The Muppets are an ensemble cast of puppet
characters known for their self-aware, burlesque, and
meta-referential style of variety-sketch comedy. Created by Jim
Henson and his wife Jane Henson in 1955, they are the namesake for
the Disney media franchise that encompasses feature films, television
series, music recordings, theme park attractions, print publications,
merchandising, and other media works associated with the characters.
Muppets debuted on the television program Sam and Friends, which
aired from 1955 to 1961. After appearing on skits in several late
night talk shows and advertising commercials during the 1960s, the
Muppets began appearing on Sesame Street in 1969.
Henson and the Muppets attained celebrity
status and international recognition through their breakout roles in
The Muppet Show (19761981), a primetime television series that
garnered four Primetime Emmy Award wins and twenty-one nominations
during its five-year run.
In the late 1970s and into the 1980s, the
Muppets diversified into theatrical feature films, including The
Muppet Movie (1979), The Great Muppet Caper (1981), and The Muppets
Take Manhattan (1984). The Walt Disney Company began involvement with
the Muppets in the late 1980s, seeking to acquire the characters from
the Jim Henson Company. The Muppets continued their presence in
television and film in the 1990s with The Jim Henson Hour (1989),
Muppets Tonight (199698), a series continuation of The Muppet
Show, and three films, The Muppet Christmas Carol (1992), Muppet
Treasure Island (1996), and Muppets from Space (1999).
acquired the rights to the Muppets franchise in 2004, allowing the
characters to gain broader public exposure than in previous years.
Under Disney's control, the Muppets enjoyed revitalized success,
starring in two films, The Muppets (2011) and Muppets Most Wanted
(2014), as well as a short-lived primetime television series on ABC.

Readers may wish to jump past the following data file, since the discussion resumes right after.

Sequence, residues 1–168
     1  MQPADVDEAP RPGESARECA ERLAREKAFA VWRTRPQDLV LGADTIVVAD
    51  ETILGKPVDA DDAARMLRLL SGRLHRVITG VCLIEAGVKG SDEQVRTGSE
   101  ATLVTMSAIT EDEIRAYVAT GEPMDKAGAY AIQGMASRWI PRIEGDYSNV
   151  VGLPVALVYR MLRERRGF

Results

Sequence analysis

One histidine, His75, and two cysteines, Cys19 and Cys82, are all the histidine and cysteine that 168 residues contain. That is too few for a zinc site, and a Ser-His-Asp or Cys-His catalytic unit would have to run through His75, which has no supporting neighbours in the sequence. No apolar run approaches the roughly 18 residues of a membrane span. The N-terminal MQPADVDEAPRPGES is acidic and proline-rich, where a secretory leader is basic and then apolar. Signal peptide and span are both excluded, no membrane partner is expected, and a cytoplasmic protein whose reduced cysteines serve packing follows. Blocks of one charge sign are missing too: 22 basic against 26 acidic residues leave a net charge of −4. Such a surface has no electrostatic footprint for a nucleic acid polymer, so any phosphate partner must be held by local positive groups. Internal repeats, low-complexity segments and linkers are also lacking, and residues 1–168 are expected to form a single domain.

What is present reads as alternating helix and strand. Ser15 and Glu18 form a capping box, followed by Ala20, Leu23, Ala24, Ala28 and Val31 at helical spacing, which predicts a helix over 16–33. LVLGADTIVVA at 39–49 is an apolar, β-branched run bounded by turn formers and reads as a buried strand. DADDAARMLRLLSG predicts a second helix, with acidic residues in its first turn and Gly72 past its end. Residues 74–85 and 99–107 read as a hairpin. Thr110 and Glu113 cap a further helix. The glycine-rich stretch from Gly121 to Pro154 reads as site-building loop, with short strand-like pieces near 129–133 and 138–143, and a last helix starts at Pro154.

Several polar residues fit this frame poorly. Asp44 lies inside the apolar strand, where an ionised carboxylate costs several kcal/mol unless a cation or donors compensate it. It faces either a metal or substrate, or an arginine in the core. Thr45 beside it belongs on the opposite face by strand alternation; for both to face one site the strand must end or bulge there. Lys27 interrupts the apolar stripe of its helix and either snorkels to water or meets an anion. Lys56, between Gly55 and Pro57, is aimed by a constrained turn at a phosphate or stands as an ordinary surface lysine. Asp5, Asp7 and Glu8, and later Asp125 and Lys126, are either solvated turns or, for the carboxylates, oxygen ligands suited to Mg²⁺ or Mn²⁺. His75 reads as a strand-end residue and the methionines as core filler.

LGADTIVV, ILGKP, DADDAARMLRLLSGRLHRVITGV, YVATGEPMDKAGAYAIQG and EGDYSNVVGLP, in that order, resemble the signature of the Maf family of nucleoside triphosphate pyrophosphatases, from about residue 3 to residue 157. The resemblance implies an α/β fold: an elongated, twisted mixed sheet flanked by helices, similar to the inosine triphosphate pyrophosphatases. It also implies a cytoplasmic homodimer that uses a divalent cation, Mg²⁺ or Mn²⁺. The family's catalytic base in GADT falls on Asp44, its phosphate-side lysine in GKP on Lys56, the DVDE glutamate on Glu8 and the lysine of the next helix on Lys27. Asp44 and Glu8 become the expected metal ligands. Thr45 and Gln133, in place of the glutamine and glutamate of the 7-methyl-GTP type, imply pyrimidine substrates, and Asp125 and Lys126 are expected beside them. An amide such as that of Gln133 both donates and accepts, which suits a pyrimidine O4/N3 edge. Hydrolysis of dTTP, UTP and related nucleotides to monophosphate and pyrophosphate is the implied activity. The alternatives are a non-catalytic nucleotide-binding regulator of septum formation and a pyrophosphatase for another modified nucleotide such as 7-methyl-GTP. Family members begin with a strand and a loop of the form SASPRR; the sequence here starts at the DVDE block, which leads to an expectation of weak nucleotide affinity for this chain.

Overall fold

Throughout their six decades of existence,
the Muppets have been regarded as a staple of the entertainment
industry and popular culture in the United States, receiving
recognition from various cultural institutions and organizations,
such as the American Film Institute, Academy of Motion Pictures Arts
and Sciences, Library of Congress, and the Hollywood Walk of Fame.
The Muppets were created by puppeteer Jim
Henson in the 1950s, beginning with Kermit the Frog, who would become
Henson's signature character. Originally conceived as characters
aimed at an adult audience, Henson stated that the term
"Muppet" had been created as an amalgamation of the words
"marionette" and "puppet", however,
Henson was also known to have stated that it was just something he
liked the sound of, and he made up the "marionette/puppet"
story while talking to a journalist because it sounded plausible.
Muppets are distinguished
from ventriloquist "dummies", which are typically animated
only in the head and face, in that their arms or other features are
also mobile and expressive. Muppets are typically made of softer
materials. They are also presented as being independent of the
puppeteer, who is usually not visible, hidden behind a set or outside
of the camera frame.
Maury "Jim" Henson was born in Greenville, Mississippi on
September 24th, 1936. Henson was the younger of two children of Paul
Ransom Henson (19041994), an agronomist for the U.S. Department
of Agriculture, and his wife, Betty Marcella (née Brown;
19041972). He was raised as a Christian Scientist and spent his
early childhood in Leland, Mississippi, before moving with his family
to University Park, Maryland, near Washington, D.C., in the late
1940s. He later remembered the arrival of the family's first
television as "the biggest event of his adolescence,"
having been heavily influenced by radio ventriloquist Edgar Bergen
and the early television puppets of Burr Tillstrom (on Kukla, Fran
and Ollie) and Bil and Cora Baird.
Henson remained a Christian Scientist at
least into his twenties when he would teach Sunday School, but
fifteen years before he died, Henson wrote to a Christian Science
church to inform them he was no longer a practicing member. Henson
began developing puppets while attending Northwestern High School,
and In 1954, he began working for WTOP-TV (now WUSA-TV), creating
puppets for a Saturday morning children's show called The Junior
Morning Show. After graduating from high school, Henson enrolled at
the University of Maryland, College Park, as a studio arts major,
thinking he might become a commercial artist. A puppetry class
offered in the applied arts department introduced him to the craft
and textiles courses in the College of Home economics, and he
graduated in 1960 with a BS in home economics. As a freshman, he had
been asked to create Sam and Friends, a five-minute puppet show for
WRC-TV. The characters on Sam and Friends were forerunners of
Muppets, and the show included a prototype of Henson's most famous
character: Kermit the Frog. Henson would remain at WRC for seven
years, from 1954 to 1961.
In the show, he began experimenting with